More than 8,000 scientists and engineers in over 85 countries have routinely shared research and discoveries at Electrochemical Society gatherings for decades, until the coronavirus pandemic turned out the lights last spring.
When the society’s PRIME 2020 meeting, a quadrennial occasion that had last attracted 3,000 attendees from the US, Japan, and Korea, was threatened with cancellation, Shannon C. Reed, ECS director of community engagement, handled the program’s rewiring as a virtual event.
“We made the decision to pivot to digital over the summer and very quickly had to turn around an infrastructure that would support a digital meeting,” Reed tells CCC.
“We made a significant investment in our IT,” he explains. “We had to accelerate our single sign-on project, which was originally scheduled to be completed in December of 2020, to be completed in August of 2020. Anyone that’s done an IT project lift like that knows that that is a bear of a project to manage.”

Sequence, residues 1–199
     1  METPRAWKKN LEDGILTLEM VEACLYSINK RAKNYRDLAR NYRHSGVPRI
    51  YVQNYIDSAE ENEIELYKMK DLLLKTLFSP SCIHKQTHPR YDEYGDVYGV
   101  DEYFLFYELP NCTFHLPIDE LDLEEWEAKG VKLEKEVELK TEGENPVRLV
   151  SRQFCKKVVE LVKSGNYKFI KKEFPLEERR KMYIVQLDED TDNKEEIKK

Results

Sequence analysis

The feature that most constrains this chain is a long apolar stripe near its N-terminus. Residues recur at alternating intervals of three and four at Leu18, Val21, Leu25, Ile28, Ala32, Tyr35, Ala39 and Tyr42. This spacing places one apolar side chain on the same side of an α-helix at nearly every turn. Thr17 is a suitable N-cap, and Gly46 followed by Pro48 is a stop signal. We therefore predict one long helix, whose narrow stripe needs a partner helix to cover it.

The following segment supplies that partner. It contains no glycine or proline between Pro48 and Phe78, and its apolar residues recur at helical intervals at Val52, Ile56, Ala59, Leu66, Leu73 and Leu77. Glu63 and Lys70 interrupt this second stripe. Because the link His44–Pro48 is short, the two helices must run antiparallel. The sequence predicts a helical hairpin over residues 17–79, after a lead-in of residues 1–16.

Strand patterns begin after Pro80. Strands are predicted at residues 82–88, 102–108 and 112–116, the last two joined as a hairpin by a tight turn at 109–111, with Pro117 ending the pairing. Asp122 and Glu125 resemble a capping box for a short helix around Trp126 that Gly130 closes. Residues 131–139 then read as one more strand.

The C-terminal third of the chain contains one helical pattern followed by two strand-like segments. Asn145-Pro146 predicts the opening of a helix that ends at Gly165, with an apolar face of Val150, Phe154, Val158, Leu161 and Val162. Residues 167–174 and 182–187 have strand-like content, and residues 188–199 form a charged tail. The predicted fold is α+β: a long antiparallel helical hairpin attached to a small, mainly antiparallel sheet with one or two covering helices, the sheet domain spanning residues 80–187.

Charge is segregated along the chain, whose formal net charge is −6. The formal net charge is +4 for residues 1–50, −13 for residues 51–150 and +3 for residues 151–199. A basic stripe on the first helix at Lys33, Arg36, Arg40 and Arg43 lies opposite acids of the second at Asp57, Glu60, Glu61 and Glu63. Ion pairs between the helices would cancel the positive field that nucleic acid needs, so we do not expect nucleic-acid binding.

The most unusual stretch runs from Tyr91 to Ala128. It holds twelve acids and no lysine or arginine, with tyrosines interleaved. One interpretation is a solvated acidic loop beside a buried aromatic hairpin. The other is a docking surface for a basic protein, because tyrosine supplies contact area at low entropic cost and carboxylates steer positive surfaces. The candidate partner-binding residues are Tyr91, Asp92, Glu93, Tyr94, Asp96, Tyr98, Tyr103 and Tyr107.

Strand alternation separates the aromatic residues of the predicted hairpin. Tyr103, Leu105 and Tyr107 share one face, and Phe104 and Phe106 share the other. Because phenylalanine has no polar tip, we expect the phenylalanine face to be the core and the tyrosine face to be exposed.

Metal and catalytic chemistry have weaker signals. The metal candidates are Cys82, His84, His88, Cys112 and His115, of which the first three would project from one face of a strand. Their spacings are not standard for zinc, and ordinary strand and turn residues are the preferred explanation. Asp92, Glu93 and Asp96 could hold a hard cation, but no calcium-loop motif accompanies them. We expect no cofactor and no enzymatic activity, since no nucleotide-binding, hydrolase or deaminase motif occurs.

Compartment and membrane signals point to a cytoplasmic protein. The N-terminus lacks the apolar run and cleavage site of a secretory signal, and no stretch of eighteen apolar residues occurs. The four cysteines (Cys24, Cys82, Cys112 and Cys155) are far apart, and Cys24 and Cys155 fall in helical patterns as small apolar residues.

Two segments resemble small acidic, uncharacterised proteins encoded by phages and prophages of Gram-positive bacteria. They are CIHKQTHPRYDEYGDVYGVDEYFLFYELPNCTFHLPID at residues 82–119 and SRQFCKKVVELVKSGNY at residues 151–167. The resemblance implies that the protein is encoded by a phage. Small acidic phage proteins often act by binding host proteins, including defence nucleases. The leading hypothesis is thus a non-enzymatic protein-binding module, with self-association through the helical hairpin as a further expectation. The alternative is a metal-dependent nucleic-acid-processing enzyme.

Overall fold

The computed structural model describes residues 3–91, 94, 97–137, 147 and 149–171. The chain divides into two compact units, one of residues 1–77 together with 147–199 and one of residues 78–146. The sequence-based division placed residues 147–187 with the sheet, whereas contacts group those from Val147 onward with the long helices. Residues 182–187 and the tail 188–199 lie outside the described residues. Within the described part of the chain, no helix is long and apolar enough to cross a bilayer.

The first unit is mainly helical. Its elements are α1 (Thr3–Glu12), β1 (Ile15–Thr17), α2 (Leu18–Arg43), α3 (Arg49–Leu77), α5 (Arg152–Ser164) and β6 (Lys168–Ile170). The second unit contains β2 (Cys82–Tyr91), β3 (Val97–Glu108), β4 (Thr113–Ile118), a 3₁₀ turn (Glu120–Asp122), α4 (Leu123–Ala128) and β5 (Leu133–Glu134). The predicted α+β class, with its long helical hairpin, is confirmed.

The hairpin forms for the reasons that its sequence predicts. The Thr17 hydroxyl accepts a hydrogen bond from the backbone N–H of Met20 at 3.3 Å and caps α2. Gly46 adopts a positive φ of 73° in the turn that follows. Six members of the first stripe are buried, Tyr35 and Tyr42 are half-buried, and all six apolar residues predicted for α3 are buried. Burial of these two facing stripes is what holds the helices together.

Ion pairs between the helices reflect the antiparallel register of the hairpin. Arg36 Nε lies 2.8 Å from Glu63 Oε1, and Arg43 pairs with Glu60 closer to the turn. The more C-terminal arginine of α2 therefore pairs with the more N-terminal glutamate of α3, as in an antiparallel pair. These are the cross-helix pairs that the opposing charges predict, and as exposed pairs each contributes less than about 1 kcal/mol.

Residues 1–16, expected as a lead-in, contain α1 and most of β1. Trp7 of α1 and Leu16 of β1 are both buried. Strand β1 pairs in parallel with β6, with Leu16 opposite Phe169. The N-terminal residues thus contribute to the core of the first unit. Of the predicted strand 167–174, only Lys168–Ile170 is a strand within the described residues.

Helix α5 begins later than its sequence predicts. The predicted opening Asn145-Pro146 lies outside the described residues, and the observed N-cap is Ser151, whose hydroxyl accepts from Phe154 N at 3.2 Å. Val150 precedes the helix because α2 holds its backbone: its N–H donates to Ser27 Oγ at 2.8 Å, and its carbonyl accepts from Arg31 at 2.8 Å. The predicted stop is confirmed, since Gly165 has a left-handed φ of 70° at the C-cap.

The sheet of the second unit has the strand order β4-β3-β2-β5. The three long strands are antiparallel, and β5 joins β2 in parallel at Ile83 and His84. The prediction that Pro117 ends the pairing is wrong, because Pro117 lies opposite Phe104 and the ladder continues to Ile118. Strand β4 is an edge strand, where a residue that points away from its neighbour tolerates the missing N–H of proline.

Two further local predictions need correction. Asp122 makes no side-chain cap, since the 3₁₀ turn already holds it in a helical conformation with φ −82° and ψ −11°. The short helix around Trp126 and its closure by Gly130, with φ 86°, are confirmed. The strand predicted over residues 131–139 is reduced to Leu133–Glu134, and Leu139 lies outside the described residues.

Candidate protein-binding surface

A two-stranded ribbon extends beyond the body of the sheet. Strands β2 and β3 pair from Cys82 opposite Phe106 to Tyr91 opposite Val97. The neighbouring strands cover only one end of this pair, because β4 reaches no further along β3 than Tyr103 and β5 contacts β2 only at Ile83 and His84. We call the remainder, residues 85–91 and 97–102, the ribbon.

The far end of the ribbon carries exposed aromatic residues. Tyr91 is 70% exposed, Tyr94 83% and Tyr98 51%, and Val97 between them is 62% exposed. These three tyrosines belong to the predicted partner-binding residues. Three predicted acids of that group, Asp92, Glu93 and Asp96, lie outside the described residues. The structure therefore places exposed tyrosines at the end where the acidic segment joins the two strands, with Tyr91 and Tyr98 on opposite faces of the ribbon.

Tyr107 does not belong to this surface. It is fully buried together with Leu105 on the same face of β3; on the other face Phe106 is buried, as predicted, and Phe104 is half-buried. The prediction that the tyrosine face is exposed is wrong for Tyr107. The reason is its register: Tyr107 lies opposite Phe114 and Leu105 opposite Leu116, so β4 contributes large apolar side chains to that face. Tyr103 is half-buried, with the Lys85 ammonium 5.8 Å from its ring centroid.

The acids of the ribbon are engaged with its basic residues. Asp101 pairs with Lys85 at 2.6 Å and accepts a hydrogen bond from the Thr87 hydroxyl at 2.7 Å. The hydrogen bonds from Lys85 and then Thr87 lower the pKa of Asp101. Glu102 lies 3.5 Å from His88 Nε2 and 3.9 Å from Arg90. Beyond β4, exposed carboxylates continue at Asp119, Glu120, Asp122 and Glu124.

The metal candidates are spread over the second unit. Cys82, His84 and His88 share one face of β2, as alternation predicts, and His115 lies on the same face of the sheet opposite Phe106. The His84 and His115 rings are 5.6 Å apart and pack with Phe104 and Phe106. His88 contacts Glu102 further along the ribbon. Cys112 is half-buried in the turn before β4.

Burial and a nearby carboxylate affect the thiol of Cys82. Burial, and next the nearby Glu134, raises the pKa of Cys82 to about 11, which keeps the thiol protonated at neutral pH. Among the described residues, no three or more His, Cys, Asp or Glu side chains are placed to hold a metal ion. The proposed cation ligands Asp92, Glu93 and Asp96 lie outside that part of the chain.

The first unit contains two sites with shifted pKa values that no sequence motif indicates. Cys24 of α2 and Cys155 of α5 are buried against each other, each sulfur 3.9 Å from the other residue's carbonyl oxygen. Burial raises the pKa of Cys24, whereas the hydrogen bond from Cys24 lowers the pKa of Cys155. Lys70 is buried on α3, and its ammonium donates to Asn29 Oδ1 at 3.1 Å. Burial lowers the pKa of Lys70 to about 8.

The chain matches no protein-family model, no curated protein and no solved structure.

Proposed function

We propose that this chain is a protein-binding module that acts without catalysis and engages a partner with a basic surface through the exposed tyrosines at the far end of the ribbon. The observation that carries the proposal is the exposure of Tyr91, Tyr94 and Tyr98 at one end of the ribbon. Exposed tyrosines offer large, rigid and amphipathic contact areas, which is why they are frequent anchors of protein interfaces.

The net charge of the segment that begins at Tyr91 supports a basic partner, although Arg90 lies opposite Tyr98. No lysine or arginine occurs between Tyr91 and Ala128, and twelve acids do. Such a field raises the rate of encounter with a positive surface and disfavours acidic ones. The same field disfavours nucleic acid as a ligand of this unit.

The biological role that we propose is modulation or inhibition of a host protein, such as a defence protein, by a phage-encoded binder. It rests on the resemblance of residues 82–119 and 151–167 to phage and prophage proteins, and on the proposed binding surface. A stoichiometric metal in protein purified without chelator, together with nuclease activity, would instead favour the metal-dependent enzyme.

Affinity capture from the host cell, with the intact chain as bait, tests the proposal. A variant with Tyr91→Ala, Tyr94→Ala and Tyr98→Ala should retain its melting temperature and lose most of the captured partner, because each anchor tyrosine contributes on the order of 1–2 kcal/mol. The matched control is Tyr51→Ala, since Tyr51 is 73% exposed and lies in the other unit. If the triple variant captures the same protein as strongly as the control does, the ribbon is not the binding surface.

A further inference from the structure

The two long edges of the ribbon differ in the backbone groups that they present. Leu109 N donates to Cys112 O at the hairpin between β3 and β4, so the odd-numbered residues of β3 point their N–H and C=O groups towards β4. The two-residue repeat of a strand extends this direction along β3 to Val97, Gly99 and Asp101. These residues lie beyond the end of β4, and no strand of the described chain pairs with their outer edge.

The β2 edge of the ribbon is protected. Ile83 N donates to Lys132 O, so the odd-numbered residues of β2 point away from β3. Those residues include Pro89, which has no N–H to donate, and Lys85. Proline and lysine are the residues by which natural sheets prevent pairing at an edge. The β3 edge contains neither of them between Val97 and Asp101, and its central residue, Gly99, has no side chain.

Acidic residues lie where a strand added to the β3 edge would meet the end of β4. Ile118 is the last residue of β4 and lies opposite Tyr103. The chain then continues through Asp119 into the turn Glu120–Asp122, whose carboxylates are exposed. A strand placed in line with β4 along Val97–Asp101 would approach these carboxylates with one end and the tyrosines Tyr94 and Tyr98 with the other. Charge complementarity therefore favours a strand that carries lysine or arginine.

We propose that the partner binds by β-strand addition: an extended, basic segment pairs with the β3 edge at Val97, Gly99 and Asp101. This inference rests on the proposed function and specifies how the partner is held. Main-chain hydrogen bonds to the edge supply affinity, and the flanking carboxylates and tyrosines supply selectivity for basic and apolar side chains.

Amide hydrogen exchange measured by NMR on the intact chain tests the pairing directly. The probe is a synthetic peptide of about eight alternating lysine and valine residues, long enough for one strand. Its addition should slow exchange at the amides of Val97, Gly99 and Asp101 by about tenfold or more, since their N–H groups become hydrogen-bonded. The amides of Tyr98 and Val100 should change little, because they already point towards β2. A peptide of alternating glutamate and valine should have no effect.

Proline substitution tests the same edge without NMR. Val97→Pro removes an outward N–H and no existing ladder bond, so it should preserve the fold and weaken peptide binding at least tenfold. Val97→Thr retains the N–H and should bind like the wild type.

The Electrochemical Society, founded in Philadelphia in 1902, welcomed Thomas Edison among its very first members. And the 2019 Nobel Prize in Chemistry for the development of lithium-ion batteries was awarded to ECS members John B. Goodenough, M. Stanley Whittingham, and Akira Yoshino.
A critical decision in making the 2020 all-virtual ECS event a success was to waive registration fees for attendees. The conference program relied on an open-access style business model that asked presenters to pay fees instead.
“With the pivot to digital and only charging the presenters – and obviously a fee that was much less than an in-person meeting – we were still able to derive revenue in a virtual setting, which I think a lot of associations struggled with in 2020,” Reed says. “All of that really increased our attendance rate. We would have normally had a 3,000- to 4,000-person meeting, and we had 7,000 people, including the presenters. We’re talking 4,000 more people than we would have normally had accessing the content, coming to our community.”